Waiter raises $9,000 for foster parents
A man's kind-hearted birthday wish has raised more than $9,000 for a foster parents' charity.
Akil Darrell decided to raise money for the Foster Parents' Association instead of geting presents for his 37th birthday on October 29.
Now, the FPA is $9,349 better off after people queued up to donate.
Mr Darrell, from Warwick, picked the FPA after he met the charity's president, Lindsey Simmons, through his job as a waiter at Rosa's Cantina in Hamilton.
He said he was shocked when Ms Simmons taught him that foster parents got only $400 a month for each child.
Mr Darrell added it was hard to see how people could manage on so little. He said: “Four hundred dollars just covers the day-to-day expenses, so I decided I'll help the FPA because it's what they need.”
Mr Darrell added he asked friends and family on social media to donate and gave them the FPA's bank account number.
He said he also set up donation boxes in front of Rosa's Cantina and the Heron Bay MarketPlace in Southampton so passers-by could chip in.
Mr Darrell added that, because he has friends overseas, the FPA got donations from the US, the Caribbean and even Britain.
He said: “I waited around a week after October 29 to close the account to allow people's funds to keep being added.”
More than 100 people contributed, with one donation amounting to $6,000.
Mr Darrell said he was “a giver”, and that he had wanted to hold a donation drive for his birthday for years. He explained: “I've always wanted to do something like this for my birthday because I knew there were people who are struggling.
“I think if we all did something, just one little thing, it would make a lot of difference in our lives. Just one act of kindness would make a big difference.”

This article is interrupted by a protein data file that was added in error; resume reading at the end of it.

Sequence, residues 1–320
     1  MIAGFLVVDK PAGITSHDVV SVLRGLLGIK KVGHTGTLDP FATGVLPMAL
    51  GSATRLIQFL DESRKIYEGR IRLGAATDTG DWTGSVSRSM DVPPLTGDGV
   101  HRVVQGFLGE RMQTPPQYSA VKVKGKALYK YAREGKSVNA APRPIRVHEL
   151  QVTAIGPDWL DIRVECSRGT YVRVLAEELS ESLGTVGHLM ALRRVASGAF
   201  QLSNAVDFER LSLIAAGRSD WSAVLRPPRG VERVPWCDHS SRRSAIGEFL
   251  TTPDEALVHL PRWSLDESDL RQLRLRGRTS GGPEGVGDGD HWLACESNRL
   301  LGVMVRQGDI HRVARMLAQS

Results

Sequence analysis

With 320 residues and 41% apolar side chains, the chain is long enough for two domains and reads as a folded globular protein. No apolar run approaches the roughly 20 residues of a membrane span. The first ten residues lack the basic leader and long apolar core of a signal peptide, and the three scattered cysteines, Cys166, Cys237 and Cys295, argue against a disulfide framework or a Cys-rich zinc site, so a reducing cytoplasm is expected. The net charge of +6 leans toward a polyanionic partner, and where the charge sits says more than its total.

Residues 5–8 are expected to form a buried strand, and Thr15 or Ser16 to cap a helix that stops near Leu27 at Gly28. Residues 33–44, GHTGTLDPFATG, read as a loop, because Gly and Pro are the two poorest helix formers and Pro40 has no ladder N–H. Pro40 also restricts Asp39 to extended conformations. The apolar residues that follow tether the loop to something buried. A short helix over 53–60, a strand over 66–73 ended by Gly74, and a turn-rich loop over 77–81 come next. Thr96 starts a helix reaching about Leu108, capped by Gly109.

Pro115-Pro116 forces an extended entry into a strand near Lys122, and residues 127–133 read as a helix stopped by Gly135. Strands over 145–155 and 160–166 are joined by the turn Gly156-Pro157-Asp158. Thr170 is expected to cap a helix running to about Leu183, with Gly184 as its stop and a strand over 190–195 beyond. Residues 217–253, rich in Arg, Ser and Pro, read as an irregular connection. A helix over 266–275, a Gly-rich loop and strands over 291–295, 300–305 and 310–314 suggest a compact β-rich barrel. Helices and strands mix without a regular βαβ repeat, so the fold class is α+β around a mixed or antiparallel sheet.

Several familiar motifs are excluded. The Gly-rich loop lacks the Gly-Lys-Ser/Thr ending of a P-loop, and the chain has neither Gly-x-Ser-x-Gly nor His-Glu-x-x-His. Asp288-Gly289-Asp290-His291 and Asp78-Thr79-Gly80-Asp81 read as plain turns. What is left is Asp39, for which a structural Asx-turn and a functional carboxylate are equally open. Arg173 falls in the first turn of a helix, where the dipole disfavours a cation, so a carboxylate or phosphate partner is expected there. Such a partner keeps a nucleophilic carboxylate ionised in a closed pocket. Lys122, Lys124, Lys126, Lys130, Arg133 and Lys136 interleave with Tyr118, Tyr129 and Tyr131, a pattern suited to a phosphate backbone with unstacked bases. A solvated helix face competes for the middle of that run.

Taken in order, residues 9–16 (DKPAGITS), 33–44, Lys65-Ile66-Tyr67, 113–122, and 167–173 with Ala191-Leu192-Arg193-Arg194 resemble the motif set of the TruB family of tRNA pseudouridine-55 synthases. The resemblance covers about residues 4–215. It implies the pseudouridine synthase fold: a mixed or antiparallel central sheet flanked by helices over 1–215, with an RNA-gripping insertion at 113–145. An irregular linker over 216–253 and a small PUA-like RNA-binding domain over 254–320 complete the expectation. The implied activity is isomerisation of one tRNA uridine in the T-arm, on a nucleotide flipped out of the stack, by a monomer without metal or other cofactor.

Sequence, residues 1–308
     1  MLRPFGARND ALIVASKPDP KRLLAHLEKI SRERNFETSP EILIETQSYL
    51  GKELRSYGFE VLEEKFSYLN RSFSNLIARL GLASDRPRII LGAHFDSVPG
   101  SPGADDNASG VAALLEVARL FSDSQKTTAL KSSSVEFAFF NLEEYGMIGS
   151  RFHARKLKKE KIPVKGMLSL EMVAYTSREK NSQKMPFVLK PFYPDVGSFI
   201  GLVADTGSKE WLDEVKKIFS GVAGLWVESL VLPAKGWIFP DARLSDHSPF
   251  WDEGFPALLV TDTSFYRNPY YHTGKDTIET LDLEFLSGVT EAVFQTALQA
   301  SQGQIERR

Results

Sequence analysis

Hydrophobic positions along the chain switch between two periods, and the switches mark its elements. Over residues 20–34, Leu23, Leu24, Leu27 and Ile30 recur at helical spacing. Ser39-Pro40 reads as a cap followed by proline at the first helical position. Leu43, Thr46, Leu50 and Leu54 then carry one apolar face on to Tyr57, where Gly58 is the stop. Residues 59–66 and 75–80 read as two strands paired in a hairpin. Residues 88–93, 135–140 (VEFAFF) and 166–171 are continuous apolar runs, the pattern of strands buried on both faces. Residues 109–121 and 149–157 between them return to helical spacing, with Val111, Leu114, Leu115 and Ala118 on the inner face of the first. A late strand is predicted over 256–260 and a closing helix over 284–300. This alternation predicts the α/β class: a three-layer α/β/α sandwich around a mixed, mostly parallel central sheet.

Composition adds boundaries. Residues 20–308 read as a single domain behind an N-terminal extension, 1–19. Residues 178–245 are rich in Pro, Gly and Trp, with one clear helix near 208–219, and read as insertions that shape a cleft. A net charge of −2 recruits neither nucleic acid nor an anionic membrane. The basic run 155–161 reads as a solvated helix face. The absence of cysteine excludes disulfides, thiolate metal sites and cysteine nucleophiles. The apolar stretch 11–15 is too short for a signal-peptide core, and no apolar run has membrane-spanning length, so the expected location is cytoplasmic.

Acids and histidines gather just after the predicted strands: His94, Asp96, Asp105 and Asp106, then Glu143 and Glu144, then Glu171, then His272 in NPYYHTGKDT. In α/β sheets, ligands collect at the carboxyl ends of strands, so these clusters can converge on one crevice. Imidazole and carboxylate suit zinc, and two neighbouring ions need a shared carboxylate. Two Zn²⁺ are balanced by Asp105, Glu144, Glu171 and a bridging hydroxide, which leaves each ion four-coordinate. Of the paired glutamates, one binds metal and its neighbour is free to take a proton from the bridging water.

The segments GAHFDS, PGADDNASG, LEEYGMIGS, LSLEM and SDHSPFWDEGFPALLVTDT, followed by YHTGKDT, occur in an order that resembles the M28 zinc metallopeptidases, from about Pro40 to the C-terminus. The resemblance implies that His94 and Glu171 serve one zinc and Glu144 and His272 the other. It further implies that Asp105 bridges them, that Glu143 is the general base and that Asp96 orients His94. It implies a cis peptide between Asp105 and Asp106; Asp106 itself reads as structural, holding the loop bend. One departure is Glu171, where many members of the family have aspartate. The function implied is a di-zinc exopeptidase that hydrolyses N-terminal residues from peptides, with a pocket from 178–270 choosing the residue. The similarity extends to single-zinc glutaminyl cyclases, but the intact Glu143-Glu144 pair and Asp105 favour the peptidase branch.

Mr Darrell added: “Foster children are like forgotten citizens, they have a family but they really don't have much, and they need all the support they can get because they go through a lot.
“I'd imagine they're thinking ‘I'm not with my real family, I've been tossed in a house with some strangers', so they need some sort of support.”
Ms Simmons said the charity was grateful for Mr Darrell's kindness. She added: “We're not one of the big charities that people just call up and say ‘hey, can we give you this money?' so we do get forgotten sometimes.”
Ms Simmons said that the money would be used to help foster families pay medical, educational and recreational expenses.
Mr Darrell said he planned to have another donation drive next year for schoolteachers.
He explained: “I really want to do schoolteachers because I realise that a lot of payments come out of their pockets to provide for their classes.
“I might just donate supplies because I feel like there isn't a charity, so I'll have to figure out how that's going to work.”
Mr Darrell said the members of the public should think about volunteering as a foster parent.
He added: “You can't just accept a kid if you're not financially ready, but I say go for it.
“It takes a village, so go for it.”